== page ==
Tuesday, 16 February 2010

Kingfisher Killed By Fishing Line

This rare kingfisher was killed by a hook and nylon fishing line left tangled in a tree by an angler. The bird died an agonising death - one of its wings was practically torn off as a result of its struggle to escape. Can you imagine what that must have been like? We have put a close up picture of the bird at the bottom of this post. It is not for the squeamish, but we thought people ought to see it.

It's an unfortunate fact that far too much debris and litter is being left by anglers and others along the Frome. A Canada goose was found with a hook in its gullet and two foot of line hanging from its mouth a few months ago. It was rescued fortunately or it could have been another fatal casualty. We would ask everyone who uses the area to be very careful and take all their rubbish with them and to not fish under trees. If line does get caught please remove it. Just think of the suffering that might result if you do not do this. Surely spending some time collecting fishing line is better than having the death of a rare and beautiful bird on your conscience.

A large amount of hooks and line have been cleared from the river in the last couple of years by Snuff Mills Action Group members but we can't do it all. Please respect this precious environment!

5 comments:

Anonymous said...

It's heartbreaking how that poor animal must've suffered. Well done on your efforts clearing fishing debris. I hope people see this and remember to take lines etc home with them.

Grove said...

It's heartbreaking how fellow humans can be so ignorant to leave such a danger to wildlife, especially in the same habitat they presumably get some enjoyment. There are of course some very responsible people who fish but I am very concerned about the type of people who come to this stretch of the river and think fishing should be banned given this incident alone.

stevem said...

Most anglers are very responsible and they both enjoy the wildlife and care about it.

There are just a few people who both leave their fishing lines and rubbish behind on the riverbank, just like there are a few dog owners who don't clear up after their dog.

So no activity should be banned - snuff Mills is for everyone - we just have to be responsible.

Anonymous said...

This is awful. That poor bird must have suffered terribly and all because some ignorant fool couldn't be bothered to wade in and take home the line that had got caught in the trees.
Shame on him!
We have the same problem with fishermen at the St Georges Park lake. There are always birds hanging dead from fishing line. At the moment it is a collared dove, last month it was a gull.
The RSPCA have been out to catch a swan with line and hook in his beak and a mallard has lost her leg due to line.
I find many of the fishermen in St George rude and aggressive if you politely ask them to take their line and rubbish home.
They are often camping, lighting fires and drinking in the park and seem to treat the lake as their own private fishing lake. But it should be for everyone to enjoy!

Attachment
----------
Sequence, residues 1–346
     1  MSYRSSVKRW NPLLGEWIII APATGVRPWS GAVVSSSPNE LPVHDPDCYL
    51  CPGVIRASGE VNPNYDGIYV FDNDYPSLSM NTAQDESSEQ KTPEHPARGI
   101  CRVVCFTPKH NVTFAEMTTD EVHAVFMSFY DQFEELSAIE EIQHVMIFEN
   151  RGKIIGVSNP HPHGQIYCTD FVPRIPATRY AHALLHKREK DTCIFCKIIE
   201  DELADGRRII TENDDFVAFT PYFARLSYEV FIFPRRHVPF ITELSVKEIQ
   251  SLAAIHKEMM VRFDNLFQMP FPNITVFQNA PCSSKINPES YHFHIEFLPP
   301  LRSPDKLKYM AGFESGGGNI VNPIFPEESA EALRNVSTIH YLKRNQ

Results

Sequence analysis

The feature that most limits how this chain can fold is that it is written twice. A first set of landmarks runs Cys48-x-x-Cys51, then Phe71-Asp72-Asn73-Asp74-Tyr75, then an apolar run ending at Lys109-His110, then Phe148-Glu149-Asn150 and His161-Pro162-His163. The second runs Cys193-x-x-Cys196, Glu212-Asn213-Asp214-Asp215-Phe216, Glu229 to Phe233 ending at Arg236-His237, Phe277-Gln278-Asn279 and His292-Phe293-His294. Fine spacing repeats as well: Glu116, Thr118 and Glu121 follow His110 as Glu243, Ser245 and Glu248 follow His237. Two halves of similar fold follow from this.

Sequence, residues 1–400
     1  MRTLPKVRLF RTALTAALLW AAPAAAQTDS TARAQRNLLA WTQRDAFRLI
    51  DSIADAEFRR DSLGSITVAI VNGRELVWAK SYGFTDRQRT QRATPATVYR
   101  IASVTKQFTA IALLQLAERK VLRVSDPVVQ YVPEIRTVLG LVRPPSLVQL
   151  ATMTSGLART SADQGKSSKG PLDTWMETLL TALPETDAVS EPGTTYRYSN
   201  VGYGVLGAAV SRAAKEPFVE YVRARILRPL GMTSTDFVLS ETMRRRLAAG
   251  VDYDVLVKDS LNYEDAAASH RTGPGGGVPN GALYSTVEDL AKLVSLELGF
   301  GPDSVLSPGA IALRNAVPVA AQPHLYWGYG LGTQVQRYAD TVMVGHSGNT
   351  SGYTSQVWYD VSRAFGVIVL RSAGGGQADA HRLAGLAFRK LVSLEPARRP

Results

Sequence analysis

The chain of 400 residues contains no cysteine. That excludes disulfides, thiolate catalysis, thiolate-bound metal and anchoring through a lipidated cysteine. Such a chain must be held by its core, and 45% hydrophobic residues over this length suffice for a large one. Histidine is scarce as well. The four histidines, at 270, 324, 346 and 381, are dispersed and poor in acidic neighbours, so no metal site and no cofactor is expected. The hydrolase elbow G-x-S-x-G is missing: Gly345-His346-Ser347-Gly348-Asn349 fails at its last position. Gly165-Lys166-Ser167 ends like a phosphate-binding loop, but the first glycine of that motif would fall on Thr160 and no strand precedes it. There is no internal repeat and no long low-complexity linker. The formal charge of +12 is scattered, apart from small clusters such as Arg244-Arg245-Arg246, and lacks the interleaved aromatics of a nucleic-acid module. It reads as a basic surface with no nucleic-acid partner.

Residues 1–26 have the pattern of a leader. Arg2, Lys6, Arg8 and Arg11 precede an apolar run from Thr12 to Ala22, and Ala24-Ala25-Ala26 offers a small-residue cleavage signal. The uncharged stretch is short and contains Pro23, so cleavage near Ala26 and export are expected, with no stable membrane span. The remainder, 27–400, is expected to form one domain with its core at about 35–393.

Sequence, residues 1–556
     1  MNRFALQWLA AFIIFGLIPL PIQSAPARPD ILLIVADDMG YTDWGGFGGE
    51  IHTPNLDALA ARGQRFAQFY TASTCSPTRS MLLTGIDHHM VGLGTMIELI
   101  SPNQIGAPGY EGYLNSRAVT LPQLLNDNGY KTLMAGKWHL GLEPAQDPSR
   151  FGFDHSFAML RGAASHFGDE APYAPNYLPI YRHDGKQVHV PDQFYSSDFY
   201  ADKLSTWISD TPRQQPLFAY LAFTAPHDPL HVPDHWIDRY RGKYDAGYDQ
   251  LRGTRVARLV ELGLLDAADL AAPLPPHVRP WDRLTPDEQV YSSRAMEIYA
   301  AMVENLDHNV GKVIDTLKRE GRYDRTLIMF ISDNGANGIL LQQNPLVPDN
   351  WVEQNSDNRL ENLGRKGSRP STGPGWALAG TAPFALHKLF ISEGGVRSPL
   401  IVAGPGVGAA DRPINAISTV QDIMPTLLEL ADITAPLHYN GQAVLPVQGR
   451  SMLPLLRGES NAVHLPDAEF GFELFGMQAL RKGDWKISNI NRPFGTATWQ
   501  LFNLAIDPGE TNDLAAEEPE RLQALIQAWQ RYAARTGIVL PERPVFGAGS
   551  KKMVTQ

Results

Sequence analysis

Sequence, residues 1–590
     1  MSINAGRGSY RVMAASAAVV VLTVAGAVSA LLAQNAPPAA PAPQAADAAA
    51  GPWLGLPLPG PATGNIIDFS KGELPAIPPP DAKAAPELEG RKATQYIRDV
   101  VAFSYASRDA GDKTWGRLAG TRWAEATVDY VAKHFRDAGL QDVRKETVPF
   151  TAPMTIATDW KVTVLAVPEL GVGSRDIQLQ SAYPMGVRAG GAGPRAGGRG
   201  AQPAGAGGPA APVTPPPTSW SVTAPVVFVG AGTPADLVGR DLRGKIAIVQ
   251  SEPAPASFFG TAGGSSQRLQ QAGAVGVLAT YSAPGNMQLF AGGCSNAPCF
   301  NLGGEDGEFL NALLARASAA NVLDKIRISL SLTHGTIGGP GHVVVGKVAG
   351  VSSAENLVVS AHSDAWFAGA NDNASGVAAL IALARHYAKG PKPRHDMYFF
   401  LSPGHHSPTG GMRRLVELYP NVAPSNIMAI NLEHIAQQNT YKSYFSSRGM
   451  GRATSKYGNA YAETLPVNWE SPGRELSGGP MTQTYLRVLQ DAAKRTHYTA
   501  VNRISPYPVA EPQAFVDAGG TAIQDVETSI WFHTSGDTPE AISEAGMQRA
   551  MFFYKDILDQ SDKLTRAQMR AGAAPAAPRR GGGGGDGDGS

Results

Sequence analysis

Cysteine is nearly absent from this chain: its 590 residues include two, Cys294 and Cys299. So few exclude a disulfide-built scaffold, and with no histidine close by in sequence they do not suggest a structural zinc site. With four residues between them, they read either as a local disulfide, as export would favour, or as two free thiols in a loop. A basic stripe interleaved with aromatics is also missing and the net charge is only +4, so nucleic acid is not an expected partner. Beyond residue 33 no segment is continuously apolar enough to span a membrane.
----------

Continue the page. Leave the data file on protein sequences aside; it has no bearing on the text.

The council just don't seem to be interested. I think we should all write to the council and keep nagging them over this as the fishermen dont seem to be able to police their own! why should the birds suffer?

stevem said...

The Evening Post have covered this distressing tale:

http://www.thisisbristol.co.uk/news/Bristol-expert-s-plea-anglers-kingfisher-dead/article-1873047-detail/article.html

Here's the piece:

A kingfisher expert is appealing for anglers to tidy up after themselves after he discovered a female had been killed by fishing line.

Ian Llewellyn, 32, was contacted by a member of the public saying they had spotted a dead female kingfisher which had been caught in discarded fishing tackle on the River Frome by Snuff Mills.

Mr Llewellyn says the majority of anglers fish responsibly but that those not clearing away their rubbish should realise the serious damage they can do to their environment.

Kingfishers are protected under the Wildlife and Countryside Act 1981. They are a rare bird in the UK with about 5,000 breeding and are highly vulnerable to human activity on rivers.

"The big problem is that we are currently coming into breeding season," Mr Llewellyn said.

"Between Snuff Mills and Oldbury Court there are two females and one male and we have just lost one of those females which is going to have a huge effect on breeding.

"It's just ignorance and a lack of respect for our environment. People have left their line and tackle and have killed a kingfisher who was about to start breeding. It's impossible to say exactly what happened but I think she has got her wing caught on a hook left hanging in a tree.

"It will not have been a quick death and for her to die like this is a tragedy. It will have been a particularly harrowing to go for a little bird like this.

"I have been for walks and seen anglers fishing and when I have returned they have left all their litter. If we all did that we would have no environment."

Phil Seymour, secretary of the Keynsham Angling Association, said: "A majority of anglers are responsible but there are cases when line gets caught on bushes and trees and is not removed.

"If this happens the angler should make every effort to remove the line.

"If it is not possible they should contact the angling association responsible for the site or the Environment Agency.

He said anglers and members of the public needed to be aware that line and litter can be dangerous for wildlife.

"It's all about passing on information and acting responsibly to ensure that we all protect the environment so we and future generations can enjoy it."

A book called Kingfisher will be published in October consisting of photographs and study information gathered by Mr Llewellyn on Bristol rivers.

It was written by natural history writer David Chandler